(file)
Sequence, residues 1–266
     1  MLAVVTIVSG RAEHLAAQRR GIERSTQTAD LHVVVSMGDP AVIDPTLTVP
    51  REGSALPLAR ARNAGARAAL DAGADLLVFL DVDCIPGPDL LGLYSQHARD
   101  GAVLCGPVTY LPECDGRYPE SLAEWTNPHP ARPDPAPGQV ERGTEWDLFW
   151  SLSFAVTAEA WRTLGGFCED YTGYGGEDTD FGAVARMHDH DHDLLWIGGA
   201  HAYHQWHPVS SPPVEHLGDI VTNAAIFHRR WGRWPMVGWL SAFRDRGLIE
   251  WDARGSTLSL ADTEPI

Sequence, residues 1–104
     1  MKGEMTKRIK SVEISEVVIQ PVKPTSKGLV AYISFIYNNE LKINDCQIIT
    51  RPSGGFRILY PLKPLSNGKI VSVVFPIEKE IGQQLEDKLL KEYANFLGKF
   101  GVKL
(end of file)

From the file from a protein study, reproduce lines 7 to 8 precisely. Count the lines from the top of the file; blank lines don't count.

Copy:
   251  WDARGSTLSL ADTEPI

Sequence, residues 1–104